The increasing exploitation of nanomaterials including graphene-based materials necessitates a comprehensive evaluation of the potential effects of these materials on human health4. However, although the interactions of nanomaterials with the immune system have been addressed, their impact on the microbiome of the host remains to be understood. Furthermore, studies are needed to address whether graphene-based materials or other nanomaterials modulate immune responses via effects on the microbiota and/or its metabolites. The microbiome, our ‘forgotten organ’, is involved in the regulation of multiple signalling pathways in the host, and there exists bidirectional communication between the gut microbiome and the immune system5. The gut microbiome produces numerous metabolites including short-chain fatty acids (SCFAs) such as acetate (AA), butyrate (BA) and propionate (PA)5. SCFAs, in turn, signal to host cells in the gut and beyond through several distinct mechanisms2. Recent work has shown that BA regulates the aryl hydrocarbon receptor (AhR) and its target genes (including genes encoding members of the cytochrome P450 family, such as CYP1A1) in the liver and intestine6, whereas other studies have implicated BA in the modulation of AhR expression or the expression of other AhR ligands7,8. AhR controls intestinal epithelial cell regeneration, mediates anti-inflammatory responses and modulates type 3 innate lymphoid cell (ILC3) polarization2. The activation of AhR also facilitates the induction of tolerogenic regulatory T cells (Tregs), and a recent study has shown that the AhR pathway regulates the ILC2–ILC3 balance in the gastrointestinal (GI) tract to ensure an appropriate immune response against pathogens9. Thus, alterations of the gut microbiota could lead to changes in the pool of AhR ligands, subsequently affecting gut immunity in the host.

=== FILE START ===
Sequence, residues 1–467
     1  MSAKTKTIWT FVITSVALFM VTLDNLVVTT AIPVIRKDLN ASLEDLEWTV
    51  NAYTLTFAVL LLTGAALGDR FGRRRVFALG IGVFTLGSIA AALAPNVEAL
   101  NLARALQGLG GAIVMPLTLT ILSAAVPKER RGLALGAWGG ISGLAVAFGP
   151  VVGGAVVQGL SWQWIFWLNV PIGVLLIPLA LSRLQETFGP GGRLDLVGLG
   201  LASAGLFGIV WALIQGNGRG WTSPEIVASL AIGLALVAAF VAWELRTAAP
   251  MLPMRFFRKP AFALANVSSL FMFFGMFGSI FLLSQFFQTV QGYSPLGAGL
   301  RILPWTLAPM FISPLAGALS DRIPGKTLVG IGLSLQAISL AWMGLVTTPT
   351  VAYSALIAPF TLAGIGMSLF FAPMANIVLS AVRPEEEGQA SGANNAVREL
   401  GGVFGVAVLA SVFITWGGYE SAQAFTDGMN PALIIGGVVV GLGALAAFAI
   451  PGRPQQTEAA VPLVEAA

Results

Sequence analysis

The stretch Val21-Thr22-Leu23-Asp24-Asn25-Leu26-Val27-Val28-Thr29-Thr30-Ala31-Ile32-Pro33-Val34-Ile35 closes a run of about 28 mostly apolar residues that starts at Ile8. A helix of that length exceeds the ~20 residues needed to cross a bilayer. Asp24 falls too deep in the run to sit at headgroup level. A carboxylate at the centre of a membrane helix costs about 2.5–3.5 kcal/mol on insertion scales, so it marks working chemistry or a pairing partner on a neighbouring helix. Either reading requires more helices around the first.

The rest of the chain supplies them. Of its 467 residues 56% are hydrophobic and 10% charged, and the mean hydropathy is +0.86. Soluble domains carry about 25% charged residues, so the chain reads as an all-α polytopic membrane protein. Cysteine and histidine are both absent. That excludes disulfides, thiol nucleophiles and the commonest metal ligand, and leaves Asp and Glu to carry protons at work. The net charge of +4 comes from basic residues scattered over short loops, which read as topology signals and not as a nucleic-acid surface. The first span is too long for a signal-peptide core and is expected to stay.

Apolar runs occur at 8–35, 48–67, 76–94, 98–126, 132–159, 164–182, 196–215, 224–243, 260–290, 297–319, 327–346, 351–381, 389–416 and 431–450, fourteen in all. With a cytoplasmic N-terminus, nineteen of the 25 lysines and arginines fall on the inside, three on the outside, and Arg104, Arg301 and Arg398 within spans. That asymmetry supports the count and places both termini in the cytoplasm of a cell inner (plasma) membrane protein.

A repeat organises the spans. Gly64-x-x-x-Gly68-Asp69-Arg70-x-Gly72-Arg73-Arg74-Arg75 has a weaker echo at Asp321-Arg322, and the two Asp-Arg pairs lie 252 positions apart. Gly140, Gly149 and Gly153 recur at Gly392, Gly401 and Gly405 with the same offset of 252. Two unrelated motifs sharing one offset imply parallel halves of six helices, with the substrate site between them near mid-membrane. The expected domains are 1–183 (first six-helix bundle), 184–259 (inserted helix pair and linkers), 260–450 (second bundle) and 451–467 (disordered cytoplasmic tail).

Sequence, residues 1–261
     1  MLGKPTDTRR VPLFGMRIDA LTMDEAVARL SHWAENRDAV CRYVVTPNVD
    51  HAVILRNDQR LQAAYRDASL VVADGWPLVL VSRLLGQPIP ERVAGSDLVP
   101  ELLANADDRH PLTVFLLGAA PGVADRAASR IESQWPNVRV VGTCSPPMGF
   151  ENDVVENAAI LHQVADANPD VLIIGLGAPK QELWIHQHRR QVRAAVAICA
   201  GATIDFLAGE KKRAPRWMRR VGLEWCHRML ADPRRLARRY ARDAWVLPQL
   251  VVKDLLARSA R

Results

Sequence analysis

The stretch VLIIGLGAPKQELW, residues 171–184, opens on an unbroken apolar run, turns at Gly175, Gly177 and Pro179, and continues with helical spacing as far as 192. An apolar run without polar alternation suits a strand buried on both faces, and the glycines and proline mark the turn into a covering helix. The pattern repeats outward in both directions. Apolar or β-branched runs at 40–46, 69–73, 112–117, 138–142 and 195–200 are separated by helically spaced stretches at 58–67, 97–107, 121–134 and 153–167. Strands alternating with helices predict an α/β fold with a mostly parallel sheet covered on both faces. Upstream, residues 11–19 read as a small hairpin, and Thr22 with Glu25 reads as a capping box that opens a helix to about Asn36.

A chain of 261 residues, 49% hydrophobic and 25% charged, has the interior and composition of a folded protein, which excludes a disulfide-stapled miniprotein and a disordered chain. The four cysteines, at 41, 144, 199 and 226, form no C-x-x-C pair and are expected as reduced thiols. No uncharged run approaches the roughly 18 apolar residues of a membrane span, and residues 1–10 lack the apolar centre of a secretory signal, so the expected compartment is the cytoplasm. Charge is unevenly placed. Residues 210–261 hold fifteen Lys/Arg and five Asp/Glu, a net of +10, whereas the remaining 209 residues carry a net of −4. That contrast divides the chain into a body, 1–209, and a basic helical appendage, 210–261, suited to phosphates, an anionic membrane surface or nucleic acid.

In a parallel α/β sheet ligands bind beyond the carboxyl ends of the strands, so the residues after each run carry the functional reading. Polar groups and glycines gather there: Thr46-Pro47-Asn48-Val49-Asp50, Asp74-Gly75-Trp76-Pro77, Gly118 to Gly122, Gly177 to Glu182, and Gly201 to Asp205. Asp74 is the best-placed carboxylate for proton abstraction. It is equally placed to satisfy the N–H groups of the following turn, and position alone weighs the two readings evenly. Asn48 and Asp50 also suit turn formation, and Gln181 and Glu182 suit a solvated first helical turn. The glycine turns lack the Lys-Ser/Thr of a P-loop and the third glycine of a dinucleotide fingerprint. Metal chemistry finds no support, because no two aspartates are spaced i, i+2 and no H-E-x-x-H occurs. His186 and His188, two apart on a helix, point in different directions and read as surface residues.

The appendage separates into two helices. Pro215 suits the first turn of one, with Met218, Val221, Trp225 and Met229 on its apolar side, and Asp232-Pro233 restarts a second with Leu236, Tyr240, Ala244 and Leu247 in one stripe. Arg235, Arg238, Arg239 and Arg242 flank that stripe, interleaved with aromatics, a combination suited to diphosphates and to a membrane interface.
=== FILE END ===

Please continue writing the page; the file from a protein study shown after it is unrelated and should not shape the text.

In this study, we first determined whether graphene oxide (GO) can modulate the gut microbiota composition, and whether the AhR plays a role in shaping the microbiota in unexposed or exposed animals. To this end, we used the zebrafish (Danio rerio) as a model10. We previously reported on the structural properties of GO in E3 medium11 (Supplementary Fig. 1 shows the corresponding results in other relevant media). GO was determined to be endotoxin free before exposing the animals (Supplementary Fig. 2). We exposed wild-type (WT) and AhR-deficient zebrafish to GO (50 or 500 µg l–1) continuously for seven days at which time intestines were dissected and samples were harvested for 16S rRNA gene sequencing (Fig. 1a). A transmission electron microscopy (TEM) analysis of the dissected intestines showed that GO was present in the gut lumen admixed with bacteria (Supplementary Fig. 3). High-magnification images revealed GO sheets in close apposition with microvilli (low dose) and signs of cellular uptake of GO (high dose). Epithelial cells at mucosal barriers represent the very first line of immune defense12, and the hyperplasia of goblet cells—specialized mucin-secreting epithelial cells—is a hallmark of type 2 immunity13. We determined the expression of goblet cells by using the Alcian blue and periodic acid–Schiff reagent and observed a significant increase in goblet cells in animals exposed to GO (50 µg l–1) (Supplementary Fig. 4). Furthermore, 16S rRNA gene sequencing revealed that the phyla Proteobacteria and Fusobacteria dominated the intestinal microflora in both WT and AhR-deficient (ahr2+/−) zebrafish (Fig. 1b). Exposure to GO shifted the relative abundance from Fusobacteria to Proteobacteria, and this effect was more pronounced in AhR-deficient animals (Fig. 1c,d). Interestingly, 16S rRNA gene sequencing revealed a significant shift in the ratio of Firmicutes to Bacteroidetes following oral exposure of mice to GO (2.5 mg kg−1 per day for seven days)14. The present data showed that the gut microbiota composition was significantly different between the two genotypes (R2, 21%; p = 0.0004) and between the exposure groups (R2, 26%, p = 0.0001) (Fig. 1e and Supplementary Tables 1 and 2). GO exposure explained 46% of the variation in microbiota composition in WT animals (Fig. 1f), whereas in AhR-deficient animals, GO exposure explained 34% of the variation (Fig. 1g). Differential abundance testing of the amplicon sequence variants (ASVs) of the bacterial 16S rRNA gene sequences in WT and AhR-deficient animals exposed to GO are summarized in Supplementary Fig. 5. Notably, in WT animals, high-dose exposure resulted in an enrichment of Vibrio, Pseudomonas and Aeromonas, consistent with previous studies of known AhR agonists15,16, whereas in AhR-deficient animals, similar effects were noted in both low-dose and high-dose groups. However, the relative abundance of individual members of the gut microbiota does not necessarily correlate with their immunomodulatory effects17. No differences in ASV abundance were noted between males and females (Supplementary Table 1). In contrast, another work18 found that chronic exposure (25 days) to a high dose (5 mg l–1) of GO elicited differences between female and male zebrafish at the phylum and genus levels. In sum, week-long exposure to GO substantially affected the gut microbiota composition in adult zebrafish, which, in turn, was modulated by the AhR.